The United States has started withdrawing its troops from Afghanistan, said Sonny Leggett, a spokesperson for American forces in Afghanistan, on Monday.
Speaking to the House Armed Services Committee on Tuesday, Gen. Frank McKenzie, commander of US Central Command, confirmed that the US will reduce the number of American troops in Afghanistan by roughly 4,400 servicemembers by this summer--in accordance with the US Taliban deal-- but regarding the 14 months deadline also mentioned in deal, McKenzie said there are no plans at the moment to completely withdraw all forces from Afghanistan.
“We’re going to go to 8,600 by the summer. Conditions on the ground will dictate if we go below that,” Gen. McKenzie said.
“If conditions on the ground are not permissive, my advice would be to not continue that reduction, that would not be my decision, that would be my advice,” he said.
Gen. McKenzie said that the Taliban are still carrying out attacks “relatively low in scale,” and not against US forces, but he said they are "not consistent" with the deal:
“But those attacks are occurring, and they’re not consistent with a movement toward a negotiated settlement, and they are not consistent with the undertaking they made,” Gen. McKenzie said, adding: “The Taliban need to keep their part of the bargain.”
“In accordance with the US-Islamic Republic of Afghanistan Joint Declaration and the U.S.-Taliban Agreement, US Forces Afghanistan (USFOR-A) has begun its conditions-based reduction of forces to 8,600 over 135 days,” Leggett said. “USFOR-A maintains all the military means and authorities to accomplish our objectives—including conducting counterterrorism operations against al-Qaeda and ISIS-K and providing support to the Afghan National Defense and Security Forces. USFOR-A is on track to meet directed force levels while retaining the necessary capabilities.”
The release of 5,000 Taliban prisoners by the Afghan government is also being discussed, as it is mentioned in both the US-Taliban deal and the Afghan-US declaration. The prisoner release, the announcement of a negotiating team and a troop withdrawal are main parts of the peace efforts that will open the way for intra-Afghan negotiations.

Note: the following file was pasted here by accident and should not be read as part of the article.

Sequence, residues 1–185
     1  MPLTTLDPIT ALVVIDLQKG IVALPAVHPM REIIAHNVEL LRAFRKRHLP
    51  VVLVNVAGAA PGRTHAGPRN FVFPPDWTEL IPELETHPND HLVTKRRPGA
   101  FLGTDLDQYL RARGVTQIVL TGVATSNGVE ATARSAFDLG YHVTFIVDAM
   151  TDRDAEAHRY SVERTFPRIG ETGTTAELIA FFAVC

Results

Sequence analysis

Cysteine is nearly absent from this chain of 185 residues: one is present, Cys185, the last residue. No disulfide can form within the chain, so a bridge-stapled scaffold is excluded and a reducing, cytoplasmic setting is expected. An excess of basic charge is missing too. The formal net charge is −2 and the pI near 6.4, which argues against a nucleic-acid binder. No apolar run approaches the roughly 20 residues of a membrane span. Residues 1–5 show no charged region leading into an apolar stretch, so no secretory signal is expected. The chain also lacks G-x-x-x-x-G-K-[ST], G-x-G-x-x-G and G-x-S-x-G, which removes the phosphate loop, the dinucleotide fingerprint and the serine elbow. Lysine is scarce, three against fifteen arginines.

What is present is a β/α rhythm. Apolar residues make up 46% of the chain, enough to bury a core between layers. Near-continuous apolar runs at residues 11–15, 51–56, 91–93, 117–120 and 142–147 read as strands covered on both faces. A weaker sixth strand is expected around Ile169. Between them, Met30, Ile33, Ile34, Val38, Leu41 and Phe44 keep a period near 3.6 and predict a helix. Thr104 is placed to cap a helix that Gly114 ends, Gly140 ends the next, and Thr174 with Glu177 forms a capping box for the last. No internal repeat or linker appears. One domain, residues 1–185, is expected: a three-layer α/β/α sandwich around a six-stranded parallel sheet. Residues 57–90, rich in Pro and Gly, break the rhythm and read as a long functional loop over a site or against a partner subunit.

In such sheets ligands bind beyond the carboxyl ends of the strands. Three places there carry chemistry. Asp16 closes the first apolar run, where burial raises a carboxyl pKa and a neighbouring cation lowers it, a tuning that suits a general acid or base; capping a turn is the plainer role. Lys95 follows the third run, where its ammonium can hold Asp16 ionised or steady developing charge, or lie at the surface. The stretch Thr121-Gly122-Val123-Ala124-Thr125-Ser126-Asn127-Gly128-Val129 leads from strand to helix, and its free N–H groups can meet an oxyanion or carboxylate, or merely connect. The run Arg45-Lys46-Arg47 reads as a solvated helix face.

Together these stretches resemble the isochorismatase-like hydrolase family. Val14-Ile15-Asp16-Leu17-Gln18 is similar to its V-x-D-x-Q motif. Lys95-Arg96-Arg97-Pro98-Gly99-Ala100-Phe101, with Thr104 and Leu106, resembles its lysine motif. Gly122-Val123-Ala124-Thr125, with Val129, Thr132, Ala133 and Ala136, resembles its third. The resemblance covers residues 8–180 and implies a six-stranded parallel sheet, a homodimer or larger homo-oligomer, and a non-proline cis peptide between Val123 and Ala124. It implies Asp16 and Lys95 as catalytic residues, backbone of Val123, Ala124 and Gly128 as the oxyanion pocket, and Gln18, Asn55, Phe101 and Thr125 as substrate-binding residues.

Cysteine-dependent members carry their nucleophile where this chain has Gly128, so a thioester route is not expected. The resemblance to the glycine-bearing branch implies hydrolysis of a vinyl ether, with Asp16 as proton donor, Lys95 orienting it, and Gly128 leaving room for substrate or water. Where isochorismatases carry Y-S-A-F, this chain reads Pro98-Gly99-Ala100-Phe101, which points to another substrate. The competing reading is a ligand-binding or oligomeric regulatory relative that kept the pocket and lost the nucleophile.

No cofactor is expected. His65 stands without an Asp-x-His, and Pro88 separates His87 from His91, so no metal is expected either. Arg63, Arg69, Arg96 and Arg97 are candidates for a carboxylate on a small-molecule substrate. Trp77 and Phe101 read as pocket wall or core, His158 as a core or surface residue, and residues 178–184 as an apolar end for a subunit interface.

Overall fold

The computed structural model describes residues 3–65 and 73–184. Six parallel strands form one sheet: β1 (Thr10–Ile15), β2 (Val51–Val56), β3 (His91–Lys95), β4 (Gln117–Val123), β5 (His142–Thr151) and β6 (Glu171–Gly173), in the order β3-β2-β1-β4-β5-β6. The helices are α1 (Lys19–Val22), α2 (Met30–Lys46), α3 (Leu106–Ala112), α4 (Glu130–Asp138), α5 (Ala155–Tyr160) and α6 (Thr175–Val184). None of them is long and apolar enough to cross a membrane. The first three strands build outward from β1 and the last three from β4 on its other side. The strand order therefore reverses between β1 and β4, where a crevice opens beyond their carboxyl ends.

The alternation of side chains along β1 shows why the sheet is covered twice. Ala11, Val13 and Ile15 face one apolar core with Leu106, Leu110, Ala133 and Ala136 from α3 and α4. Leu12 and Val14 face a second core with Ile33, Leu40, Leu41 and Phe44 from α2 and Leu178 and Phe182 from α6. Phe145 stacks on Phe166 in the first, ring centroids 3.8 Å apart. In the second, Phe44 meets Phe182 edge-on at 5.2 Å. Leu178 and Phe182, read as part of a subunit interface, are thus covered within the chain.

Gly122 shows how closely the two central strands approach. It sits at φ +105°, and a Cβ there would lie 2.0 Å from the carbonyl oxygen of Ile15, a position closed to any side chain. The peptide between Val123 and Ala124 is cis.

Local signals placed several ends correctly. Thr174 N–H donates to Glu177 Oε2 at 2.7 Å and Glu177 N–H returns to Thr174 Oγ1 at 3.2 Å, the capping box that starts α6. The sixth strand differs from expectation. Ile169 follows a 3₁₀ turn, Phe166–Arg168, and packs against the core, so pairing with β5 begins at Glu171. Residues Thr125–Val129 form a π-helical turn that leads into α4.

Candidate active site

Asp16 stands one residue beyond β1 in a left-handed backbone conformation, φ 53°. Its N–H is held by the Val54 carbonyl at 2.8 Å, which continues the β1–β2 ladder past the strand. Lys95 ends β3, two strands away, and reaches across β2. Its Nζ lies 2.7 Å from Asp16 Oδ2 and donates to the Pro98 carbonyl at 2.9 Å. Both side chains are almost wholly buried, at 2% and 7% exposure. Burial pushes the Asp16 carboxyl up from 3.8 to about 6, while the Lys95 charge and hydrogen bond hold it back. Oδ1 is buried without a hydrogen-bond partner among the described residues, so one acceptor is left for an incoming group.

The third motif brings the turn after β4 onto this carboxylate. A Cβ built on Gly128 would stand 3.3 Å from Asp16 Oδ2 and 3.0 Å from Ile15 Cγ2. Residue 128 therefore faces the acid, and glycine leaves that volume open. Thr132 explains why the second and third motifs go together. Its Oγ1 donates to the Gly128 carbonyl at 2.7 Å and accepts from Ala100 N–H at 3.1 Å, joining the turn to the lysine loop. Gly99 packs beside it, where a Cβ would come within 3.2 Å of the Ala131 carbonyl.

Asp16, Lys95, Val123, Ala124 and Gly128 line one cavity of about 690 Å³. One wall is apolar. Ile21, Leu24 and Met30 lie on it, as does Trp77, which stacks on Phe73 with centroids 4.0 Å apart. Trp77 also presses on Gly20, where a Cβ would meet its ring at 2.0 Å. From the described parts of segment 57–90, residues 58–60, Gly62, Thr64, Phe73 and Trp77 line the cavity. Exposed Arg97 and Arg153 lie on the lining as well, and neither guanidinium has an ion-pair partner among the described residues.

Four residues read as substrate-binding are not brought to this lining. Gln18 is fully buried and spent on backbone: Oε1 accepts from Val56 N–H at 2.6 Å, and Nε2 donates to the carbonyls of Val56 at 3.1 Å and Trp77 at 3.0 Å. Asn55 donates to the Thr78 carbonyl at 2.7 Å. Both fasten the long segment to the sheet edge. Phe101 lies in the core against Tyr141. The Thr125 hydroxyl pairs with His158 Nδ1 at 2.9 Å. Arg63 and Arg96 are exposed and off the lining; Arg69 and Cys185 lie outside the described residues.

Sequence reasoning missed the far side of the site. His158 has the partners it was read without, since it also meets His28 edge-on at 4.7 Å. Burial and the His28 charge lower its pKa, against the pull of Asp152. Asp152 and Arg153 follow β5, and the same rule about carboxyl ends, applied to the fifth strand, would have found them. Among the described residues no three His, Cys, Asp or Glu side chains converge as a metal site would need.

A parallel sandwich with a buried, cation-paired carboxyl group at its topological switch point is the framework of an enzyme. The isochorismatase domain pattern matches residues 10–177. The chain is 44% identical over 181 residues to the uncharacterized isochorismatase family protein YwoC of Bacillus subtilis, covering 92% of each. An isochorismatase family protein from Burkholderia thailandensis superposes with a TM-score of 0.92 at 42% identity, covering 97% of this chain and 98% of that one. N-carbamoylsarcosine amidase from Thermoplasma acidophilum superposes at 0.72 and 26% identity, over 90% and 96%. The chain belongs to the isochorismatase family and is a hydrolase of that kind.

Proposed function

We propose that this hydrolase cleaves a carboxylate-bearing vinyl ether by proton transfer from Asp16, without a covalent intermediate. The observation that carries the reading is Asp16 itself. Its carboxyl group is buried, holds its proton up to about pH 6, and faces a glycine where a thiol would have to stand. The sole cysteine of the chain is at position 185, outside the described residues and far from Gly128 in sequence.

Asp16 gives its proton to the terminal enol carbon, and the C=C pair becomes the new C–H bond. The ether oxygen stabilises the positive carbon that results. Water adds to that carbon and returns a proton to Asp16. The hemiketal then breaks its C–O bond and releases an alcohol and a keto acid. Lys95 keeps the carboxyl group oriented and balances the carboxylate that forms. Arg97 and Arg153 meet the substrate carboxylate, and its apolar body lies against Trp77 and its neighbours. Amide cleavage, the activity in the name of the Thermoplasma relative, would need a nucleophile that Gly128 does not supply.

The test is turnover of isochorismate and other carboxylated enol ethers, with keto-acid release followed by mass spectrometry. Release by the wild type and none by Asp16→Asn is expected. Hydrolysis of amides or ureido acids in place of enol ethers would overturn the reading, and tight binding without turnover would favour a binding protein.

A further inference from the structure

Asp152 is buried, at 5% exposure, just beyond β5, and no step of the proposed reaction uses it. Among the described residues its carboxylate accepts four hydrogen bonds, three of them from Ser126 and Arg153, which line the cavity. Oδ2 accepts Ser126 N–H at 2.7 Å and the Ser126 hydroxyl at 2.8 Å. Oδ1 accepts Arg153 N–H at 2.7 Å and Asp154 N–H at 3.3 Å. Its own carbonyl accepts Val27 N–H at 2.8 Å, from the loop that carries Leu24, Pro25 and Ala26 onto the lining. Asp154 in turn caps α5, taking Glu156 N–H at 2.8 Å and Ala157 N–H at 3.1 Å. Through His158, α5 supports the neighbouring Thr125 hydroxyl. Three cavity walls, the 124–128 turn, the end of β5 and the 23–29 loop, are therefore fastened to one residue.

Local officials in the southern province of Helmand said that at least 100 US troops left a US base in Lashkargah city’s district on Tuesday, March 5, and transferred to another location in Helmand. The Bost 505 Police Headquarters is also operating from the base where the US forces left on Tuesday.
“It was decided to move the base from here to the Shorab base and if they were outnumbered, they will return to their country,” Helmand governor Yasin Khan told TOLOnews.
The start of the troop reduction in Afghanistan has been faced with criticism from Afghans and foreign officials.
“The reduction was not in our favor from the beginning, and it is not in our favor right now, and it won't be in our favor in the future: "How will our forces be able to make an army that is well-equipped?” said Attaullah Afghan, head of the Helmand Provincial Council.
US Senator Chris Murphy, in a series of tweets, said that the withdrawal of US forces is not in favor of Afghanistan.
“I got a classified briefing today on the agreement with the Taliban. I have been a supporter of negotiations with the Taliban, but the more I learn, the more concerned I become that Trump got fleeced,” he says. “The agreement leaves the Afghan government out to dry by scheduling withdrawal before a Taliban/Afghan government deal. Our military leverage could have been used to help the Afghans secure concessions from the Taliban - on protections for rights of women and children, for instance.”
Afghan analysts called the withdrawal “irresponsible” under the current circumstances in Afghanistan.
“The withdrawal of Americans at this stage from Afghanistan is irresponsible and this withdrawal I think should have been done four years from now because the Afghan forces are yet to be fully equipped,” said Saleh Registani, a political affairs analyst.
“If the US and its allies do maintain their logistical, technical and financial support to the Afghan defense and security forces, (Afghan forces) will not have the capacity to maintain the country’s security on their own,” said Tamim Asey, head of the Afghanistan Institute of War and Peace Studies.